African Nations to Increase Involvement in Burundi

NAIROBI – Motivated by the success in resolving Somalia’s conflict, African leaders have stepped up efforts to end the civil war in the tiny central African nation of Burundi, where more than 300,000 people have been killed since 1993.

The leaders of Kenya, Uganda, Ethiopia, Somalia, Sudan, Eritrea and Djibouti, working under the auspices of the regional bloc, the Inter-governmental Authority on Development (IGAD), have brokered the talks to end Somalia’s 13-year civil war. The talks, which opened in neighboring Kenya in 2002, culminated in the election of Abdullahi Yusuf Ahmed as president of Somalia on Oct. 10.

Yusuf is expected to form a government of national unity within a month. Somalia slid into chaos after the fall of the dictator Mohamed Siad Barre in 1991. Since then, the Horn of Africa country has been without a central government.

Following the experience of Somalia, African leaders don’t want Burundi to also slide into chaos. Attending the 23rd Summit of the Great Lakes Regional Peace Initiative on Burundi in Kenya’s capital Nairobi Oct. 15, the leaders of Kenya, Uganda, Rwanda, Tanzania and South Africa pushed Burundi’s elections forward to give more time to the country’s independent electoral commission, appointed at the end of August 2004, to prepare and put in place modalities of running free and fair elections.

Initially, the elections had been scheduled for the end of October 2004, when a three-year mandate of the country’s transitional government expires. Burundi’s government, led by President Domitien Ndayizeye, was installed in office in October 2001.

The electoral commission, chaired by Paul Ngarambe, advised the summit of the impossibility of holding the elections on schedule because of logistical difficulties.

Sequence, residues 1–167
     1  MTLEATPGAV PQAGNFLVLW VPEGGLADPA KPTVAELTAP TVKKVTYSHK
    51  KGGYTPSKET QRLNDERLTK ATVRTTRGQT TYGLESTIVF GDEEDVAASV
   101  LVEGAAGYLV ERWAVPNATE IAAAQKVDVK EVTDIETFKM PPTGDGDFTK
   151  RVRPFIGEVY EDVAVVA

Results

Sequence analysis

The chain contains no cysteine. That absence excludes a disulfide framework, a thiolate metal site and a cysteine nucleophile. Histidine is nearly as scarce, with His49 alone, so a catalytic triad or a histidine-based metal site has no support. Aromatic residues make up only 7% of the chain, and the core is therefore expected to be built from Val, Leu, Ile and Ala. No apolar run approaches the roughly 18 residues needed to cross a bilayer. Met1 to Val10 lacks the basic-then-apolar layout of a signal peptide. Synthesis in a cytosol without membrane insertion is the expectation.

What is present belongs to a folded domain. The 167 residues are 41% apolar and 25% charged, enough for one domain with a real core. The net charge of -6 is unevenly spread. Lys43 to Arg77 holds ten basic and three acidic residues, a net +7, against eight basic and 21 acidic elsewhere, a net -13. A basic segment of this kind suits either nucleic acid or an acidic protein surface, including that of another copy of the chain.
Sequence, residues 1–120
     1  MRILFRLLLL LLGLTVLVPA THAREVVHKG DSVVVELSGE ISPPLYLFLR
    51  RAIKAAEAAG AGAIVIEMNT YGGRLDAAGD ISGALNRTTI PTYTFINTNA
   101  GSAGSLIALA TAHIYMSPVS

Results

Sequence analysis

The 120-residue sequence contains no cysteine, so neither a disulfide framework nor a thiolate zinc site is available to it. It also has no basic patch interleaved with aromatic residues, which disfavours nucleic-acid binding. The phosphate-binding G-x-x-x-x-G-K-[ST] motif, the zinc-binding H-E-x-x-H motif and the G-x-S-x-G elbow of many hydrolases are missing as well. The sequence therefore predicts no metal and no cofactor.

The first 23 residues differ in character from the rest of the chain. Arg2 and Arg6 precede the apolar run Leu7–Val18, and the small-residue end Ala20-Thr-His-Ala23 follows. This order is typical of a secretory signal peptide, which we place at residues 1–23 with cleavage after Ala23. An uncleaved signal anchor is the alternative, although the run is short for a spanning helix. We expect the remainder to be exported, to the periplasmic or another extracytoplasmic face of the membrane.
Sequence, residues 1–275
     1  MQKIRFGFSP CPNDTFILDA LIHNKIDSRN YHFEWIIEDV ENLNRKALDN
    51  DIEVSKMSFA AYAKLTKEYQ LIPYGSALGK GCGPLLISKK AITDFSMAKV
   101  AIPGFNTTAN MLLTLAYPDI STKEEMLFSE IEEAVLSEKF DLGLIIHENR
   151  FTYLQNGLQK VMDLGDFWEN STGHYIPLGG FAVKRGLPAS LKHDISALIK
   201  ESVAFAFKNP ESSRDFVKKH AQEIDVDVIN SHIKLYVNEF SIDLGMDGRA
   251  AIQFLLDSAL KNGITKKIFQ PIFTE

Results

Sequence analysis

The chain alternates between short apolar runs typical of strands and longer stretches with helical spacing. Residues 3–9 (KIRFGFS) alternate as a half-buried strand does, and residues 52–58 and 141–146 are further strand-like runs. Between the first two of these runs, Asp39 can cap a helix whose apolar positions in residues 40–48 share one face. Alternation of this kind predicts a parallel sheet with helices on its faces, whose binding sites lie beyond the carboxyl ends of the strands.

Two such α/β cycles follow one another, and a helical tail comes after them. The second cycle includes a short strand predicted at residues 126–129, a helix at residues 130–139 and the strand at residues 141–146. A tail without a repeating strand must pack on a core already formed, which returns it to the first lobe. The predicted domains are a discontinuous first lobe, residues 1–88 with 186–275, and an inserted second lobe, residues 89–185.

"Based on the reality on the ground, the summit accepts that elections cannot take place before Nov. 1, 2004," the African leaders, meeting in Nairobi, said in a joint statement made available to journalists. "Furthermore, the summit noted that the life of the transition institutions and administration has to be extended."

Upon arrival in Burundi’s capital Bujumbura, president Ndayizeye announced that the elections would take place in April 2005.

Some concerns have been raised about the postponement of the elections, which, critics fear, might create more tensions between Hutus, who make up 85 percent of the country’s population, and Tutsis, who dominate the army. Clashes between the two ethnic groups have erupted intermittently since independence from Belgium in 1962.

But some political analysts have ruled out any tensions resulting from the postponement of the elections since the decision was not made by the Burundi government, but by a greater force comprising African leaders.

"The postponement [of the elections] has been made by a greater unit and the rebels would not want to fight the entire [regional] bloc, which enjoys the support of the international community. There’s no need for the rebels to point a finger at the government," Mitch Odero, of the Nairobi-based Solid Strategy Africa, a regional peace and advocacy group, told IPS.

The latest clashes between the Hutus and Tutus erupted in 1993 when renegade Tutsi soldiers assassinated Melchior Ndadaye, the first elected Hutu president.

Since then, the conflict has claimed more than 300,000 lives, the latest being the August 2004 incident in which the National Liberation Forces (FNL), a Hutu rebel movement, descended on a refugee camp in Burundi, slaughtering 160 Congolese Tutsis.

Hopes were raised in August when 20 parties, among them Tutsi and Hutu rebel groups except FNL, signed an accord, resulting in a power sharing agreement.

The deal, clinched in Tanzania, gives the Tutsi minority 40 percent of government and national assembly posts, compared to 60 percent for Hutus.

The activities of FNL, the only Hutu rebel group still mounting attacks in Burundi, have placed it in bad books with regional leaders. During the 22nd Summit of the Great Lakes Regional Peace initiative on Burundi, held Aug. 18 in Tanzania’s commercial capital Dar es Salaam, heads of state of Burundi, Tanzania, the Democratic Republic of Congo (DRC), Zambia and South Africa labeled the FNL a terrorist organization.

They appealed to the United Nations Security Council to consider a travel ban on members of FNL, freeze the group’s assets and institute an arms embargo.

Critics fear that if the FNL was allowed to continue wreaking havoc, it might spark genocide, like in neighboring Rwanda, where more than 800,000 Tutsis and politically moderate Hutus were slaughtered by Hutu extremists a decade ago.